Bornheimer, L. A. (2016). Moderating effects of positive symptoms of psychosis in suicidal ideation among adults diagnosed with schizophrenia. Schizophrenia Research, 176, 364-370.

Acri, M. C., Bornheimer, L. A., O’Brien, K., Sezer, S., Little, V., Cleek, A., & McKay, M. M. (2016). A model of integrated health care in a poverty-impacted community In New York City: Importance of early detection and addressing potential barriers to intervention implementation. Social Work in Health Care, 55(4), 314-327.

Acri, M.., Bornheimer, L. A., Jessell, L., Flaherty, H. B., & McKay, M. (2016). The impact of caregiver treatment satisfaction upon child and parent outcomes. Child and Adolescent Mental Health.

Lee, J., Guilamo-Ramos, V., Munoz-Laboy, M., Lotz, K., & Bornheimer, L. A. (2016). Mechanisms of familial influence on reentry among formerly incarcerated Latino men. Social Work.

Bornheimer, L. A. & Nguyen, D. (2016). Suicide among individuals with schizophrenia: A risk factor model. Social Work in Mental Health, 14(2), 112-132.

Bornheimer, L. A. (2015). Exposure and response prevention as an evidence-based treatment for obsessive-compulsive disorder: Considerations for social work practice. Clinical Social Work Journal, 43, 38-49.

Nguyen, D. & Bornheimer, L. A. (2014). Mental Health Service Use Types among Asian Americans with a Psychiatric Disorder: Considerations of Culture and Need. Journal of Behavioral Health Services and Research, 41(4), 520-528.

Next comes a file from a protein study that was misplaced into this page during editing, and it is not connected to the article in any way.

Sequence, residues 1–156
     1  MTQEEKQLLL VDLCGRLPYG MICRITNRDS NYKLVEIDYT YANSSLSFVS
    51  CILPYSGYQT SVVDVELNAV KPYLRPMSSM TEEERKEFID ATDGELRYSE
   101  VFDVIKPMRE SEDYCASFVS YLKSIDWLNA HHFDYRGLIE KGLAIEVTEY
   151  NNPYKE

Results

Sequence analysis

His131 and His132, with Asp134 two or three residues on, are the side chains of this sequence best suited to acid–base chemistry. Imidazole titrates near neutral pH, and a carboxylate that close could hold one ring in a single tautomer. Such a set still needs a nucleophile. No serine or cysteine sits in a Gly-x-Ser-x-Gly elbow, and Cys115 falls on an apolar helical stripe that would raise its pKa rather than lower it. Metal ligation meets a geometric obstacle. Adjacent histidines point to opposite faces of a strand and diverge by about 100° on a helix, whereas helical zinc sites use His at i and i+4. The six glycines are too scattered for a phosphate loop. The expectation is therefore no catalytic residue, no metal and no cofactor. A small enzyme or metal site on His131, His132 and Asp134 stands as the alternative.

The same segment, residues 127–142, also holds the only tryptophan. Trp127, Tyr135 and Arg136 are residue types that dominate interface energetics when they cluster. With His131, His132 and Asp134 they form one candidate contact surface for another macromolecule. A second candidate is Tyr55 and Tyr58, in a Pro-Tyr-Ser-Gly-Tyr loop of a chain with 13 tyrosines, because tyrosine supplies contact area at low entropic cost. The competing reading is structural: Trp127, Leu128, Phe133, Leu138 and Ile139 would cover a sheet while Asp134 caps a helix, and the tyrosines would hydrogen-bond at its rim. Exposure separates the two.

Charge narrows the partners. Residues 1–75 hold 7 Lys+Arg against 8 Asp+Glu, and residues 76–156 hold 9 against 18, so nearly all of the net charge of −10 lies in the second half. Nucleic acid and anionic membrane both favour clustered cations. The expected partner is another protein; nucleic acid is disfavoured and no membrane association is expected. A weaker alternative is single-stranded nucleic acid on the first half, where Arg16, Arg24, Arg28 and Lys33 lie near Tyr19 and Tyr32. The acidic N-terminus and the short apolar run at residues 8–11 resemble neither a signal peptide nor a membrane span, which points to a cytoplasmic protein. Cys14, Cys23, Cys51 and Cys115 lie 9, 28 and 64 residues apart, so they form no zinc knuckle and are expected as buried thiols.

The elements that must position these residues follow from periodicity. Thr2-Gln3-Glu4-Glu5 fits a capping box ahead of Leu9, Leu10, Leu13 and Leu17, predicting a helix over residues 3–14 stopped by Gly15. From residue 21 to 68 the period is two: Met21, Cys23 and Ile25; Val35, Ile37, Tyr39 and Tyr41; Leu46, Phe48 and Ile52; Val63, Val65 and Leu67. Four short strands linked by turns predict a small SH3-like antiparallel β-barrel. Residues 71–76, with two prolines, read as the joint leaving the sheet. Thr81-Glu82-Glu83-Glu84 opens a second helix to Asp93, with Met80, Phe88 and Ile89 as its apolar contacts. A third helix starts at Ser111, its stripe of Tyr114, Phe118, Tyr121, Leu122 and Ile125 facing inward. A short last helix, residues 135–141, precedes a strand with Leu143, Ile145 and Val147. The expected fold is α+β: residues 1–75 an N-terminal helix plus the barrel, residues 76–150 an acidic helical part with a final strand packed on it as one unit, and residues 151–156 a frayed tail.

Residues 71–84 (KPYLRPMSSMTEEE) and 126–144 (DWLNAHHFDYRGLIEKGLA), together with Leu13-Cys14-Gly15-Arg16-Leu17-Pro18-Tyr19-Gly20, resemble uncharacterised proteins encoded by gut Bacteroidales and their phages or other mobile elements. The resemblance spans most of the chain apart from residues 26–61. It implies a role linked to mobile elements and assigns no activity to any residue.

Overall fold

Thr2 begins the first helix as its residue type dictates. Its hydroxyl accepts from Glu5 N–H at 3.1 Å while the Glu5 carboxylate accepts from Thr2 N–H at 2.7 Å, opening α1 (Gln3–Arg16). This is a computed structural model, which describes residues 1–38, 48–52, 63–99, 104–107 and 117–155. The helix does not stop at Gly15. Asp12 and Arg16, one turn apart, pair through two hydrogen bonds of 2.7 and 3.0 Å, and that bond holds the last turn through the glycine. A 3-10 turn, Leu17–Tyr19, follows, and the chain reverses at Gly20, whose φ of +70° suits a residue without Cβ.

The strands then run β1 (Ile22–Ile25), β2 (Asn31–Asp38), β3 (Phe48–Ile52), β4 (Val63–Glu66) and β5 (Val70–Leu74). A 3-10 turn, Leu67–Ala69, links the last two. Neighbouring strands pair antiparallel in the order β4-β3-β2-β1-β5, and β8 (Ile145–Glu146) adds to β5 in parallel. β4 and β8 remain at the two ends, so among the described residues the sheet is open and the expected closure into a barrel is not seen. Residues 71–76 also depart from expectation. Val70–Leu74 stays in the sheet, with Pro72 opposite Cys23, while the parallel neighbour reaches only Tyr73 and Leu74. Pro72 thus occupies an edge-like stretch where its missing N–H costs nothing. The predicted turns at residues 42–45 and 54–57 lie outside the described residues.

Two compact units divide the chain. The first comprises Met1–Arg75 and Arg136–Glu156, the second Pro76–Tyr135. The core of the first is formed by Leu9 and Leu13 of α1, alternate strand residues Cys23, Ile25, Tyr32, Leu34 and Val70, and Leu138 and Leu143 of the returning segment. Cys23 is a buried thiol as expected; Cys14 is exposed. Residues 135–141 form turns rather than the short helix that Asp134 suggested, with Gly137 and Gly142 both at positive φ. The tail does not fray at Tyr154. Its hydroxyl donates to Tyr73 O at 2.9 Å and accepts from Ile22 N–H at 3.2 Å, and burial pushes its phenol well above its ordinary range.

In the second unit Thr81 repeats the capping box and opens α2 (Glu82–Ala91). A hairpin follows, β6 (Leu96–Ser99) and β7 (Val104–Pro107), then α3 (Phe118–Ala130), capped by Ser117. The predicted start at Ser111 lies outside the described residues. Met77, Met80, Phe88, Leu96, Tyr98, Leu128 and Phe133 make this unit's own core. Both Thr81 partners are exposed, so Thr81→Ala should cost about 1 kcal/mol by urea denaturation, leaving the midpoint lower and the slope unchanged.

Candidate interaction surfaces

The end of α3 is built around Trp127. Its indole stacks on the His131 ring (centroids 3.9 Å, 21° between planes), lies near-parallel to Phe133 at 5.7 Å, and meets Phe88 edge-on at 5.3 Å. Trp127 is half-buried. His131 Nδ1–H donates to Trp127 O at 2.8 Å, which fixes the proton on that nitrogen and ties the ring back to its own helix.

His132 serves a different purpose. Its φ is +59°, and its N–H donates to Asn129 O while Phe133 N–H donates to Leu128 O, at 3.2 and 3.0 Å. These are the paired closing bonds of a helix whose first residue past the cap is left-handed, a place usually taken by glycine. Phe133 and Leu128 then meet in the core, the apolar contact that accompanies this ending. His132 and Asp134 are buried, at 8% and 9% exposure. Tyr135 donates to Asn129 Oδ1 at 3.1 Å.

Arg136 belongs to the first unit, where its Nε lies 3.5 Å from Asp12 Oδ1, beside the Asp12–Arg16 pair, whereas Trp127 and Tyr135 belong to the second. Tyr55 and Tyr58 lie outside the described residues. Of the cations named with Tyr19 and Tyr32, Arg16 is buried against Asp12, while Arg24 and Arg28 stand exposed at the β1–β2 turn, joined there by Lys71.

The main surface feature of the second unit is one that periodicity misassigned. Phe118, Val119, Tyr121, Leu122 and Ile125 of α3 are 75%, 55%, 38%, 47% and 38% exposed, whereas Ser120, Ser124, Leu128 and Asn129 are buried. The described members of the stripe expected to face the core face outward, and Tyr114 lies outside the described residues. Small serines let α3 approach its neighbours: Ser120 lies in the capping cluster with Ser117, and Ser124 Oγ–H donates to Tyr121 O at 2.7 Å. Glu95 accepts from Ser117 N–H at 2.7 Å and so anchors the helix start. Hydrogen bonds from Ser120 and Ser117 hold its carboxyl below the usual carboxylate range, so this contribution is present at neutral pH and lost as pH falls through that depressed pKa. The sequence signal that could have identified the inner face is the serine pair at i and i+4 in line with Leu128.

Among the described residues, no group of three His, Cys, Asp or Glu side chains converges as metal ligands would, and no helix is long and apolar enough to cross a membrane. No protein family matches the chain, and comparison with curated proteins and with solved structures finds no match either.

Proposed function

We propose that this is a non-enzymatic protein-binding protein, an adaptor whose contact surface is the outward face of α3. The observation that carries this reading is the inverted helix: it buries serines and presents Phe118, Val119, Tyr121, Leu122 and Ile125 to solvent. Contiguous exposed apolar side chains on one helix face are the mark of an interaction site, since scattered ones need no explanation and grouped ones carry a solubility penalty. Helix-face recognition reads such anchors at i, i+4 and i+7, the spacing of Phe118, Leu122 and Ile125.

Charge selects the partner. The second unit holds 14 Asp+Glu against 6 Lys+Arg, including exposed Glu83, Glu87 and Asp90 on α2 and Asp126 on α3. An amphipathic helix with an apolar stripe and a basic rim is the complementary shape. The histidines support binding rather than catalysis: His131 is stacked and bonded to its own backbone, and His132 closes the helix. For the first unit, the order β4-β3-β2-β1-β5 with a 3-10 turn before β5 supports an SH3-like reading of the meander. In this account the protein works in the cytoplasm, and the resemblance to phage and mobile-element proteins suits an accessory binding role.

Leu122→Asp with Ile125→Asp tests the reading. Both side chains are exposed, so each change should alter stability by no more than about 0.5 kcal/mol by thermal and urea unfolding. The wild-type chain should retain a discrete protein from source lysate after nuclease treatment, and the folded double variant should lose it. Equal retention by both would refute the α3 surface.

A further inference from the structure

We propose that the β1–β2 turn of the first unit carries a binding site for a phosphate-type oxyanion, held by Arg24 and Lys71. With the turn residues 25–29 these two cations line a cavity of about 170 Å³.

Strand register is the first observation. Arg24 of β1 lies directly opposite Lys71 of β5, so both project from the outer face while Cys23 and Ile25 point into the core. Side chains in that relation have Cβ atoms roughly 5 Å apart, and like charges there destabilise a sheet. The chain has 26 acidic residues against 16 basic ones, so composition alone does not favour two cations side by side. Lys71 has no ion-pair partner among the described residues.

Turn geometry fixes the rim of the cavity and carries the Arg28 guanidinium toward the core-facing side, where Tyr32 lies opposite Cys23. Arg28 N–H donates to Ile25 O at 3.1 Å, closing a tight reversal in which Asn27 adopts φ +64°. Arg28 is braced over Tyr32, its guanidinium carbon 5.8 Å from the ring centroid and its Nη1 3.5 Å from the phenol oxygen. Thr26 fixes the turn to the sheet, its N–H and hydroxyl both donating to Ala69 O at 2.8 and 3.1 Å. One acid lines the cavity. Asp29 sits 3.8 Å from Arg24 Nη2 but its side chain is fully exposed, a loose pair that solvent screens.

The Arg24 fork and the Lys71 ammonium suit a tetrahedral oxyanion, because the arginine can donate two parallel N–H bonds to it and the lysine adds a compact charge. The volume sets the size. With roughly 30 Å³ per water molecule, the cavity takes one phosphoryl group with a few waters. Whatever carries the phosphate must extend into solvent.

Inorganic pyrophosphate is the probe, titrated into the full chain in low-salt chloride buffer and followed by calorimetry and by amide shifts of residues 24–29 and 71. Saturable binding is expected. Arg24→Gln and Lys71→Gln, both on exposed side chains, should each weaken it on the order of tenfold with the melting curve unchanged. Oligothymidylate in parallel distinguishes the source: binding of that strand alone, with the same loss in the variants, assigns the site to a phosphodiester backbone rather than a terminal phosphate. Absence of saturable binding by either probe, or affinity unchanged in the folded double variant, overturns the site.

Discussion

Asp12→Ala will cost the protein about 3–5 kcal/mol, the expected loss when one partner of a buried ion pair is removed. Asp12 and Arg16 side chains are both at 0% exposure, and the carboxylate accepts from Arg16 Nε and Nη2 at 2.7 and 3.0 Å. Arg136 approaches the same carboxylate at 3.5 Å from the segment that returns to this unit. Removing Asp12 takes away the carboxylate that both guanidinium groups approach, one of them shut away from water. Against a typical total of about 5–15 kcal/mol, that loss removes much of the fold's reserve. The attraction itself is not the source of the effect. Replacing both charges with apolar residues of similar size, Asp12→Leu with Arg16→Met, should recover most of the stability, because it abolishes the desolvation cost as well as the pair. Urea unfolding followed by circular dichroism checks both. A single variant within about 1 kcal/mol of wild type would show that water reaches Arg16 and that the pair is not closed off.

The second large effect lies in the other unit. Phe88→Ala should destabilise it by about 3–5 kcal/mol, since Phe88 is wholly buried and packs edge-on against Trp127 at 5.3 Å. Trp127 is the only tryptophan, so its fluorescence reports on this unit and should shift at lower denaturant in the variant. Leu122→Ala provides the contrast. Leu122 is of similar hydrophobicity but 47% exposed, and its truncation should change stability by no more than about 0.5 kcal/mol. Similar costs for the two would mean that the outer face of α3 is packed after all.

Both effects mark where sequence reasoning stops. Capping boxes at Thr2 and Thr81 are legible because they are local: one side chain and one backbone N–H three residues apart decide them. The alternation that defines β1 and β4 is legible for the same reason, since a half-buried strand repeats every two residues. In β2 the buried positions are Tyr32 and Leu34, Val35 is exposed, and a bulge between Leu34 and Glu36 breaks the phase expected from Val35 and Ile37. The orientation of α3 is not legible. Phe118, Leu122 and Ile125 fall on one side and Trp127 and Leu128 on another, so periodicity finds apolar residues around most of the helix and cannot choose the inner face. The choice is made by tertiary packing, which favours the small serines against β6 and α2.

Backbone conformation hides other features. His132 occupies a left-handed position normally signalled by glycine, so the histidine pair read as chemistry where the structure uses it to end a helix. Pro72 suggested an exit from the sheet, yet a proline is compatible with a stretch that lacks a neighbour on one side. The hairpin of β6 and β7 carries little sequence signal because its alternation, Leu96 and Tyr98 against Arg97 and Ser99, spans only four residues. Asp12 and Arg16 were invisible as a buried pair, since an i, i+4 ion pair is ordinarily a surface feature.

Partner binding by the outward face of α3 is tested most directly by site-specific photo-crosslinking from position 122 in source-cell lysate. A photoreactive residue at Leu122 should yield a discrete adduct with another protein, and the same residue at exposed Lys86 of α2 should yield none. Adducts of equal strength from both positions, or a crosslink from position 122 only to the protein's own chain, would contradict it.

Gangwisch, J. E., Malsapina, D., Babiss, L. A., Opler, M. G., Posner, K., Shen, S., Turner, J. B, Zammit, G. K., & Ginsberg, H. N. (2010). Short sleep duration as a risk factor for hypercholesterolemia: Analysis of the National Longitudinal Study of Adolescent Health. Sleep, 33(7), 956-961.

Gangwisch, J. E., Babiss, L. A., Malsapina, D., Turner, J. B., Zammit, G. K., & Posner, K. (2010). Earlier parental set bedtimes as a protective factor against depression and suicidal ideation. Sleep, 33(1), 97-106.

Gangwisch, J. E., Malsapina, D., Posner, K, Babiss, L. A., Heymsfield, S. B, Turner, J. B., Zammit, G. K., & Pickering, T. G. (2010). Insomnia and sleep duration as mediators of the relationship between depression and hypertension. American Journal of Hypertension, 23(1), 62-69.

Babiss L. A., & Gangwisch J. E. (2009). Sports participation as a protective factor against depression and suicidal ideations as mediated by self-esteem and social support. Journal of Developmental and Behavioral Pediatrics, 30(4).

Contact Us Press escape to close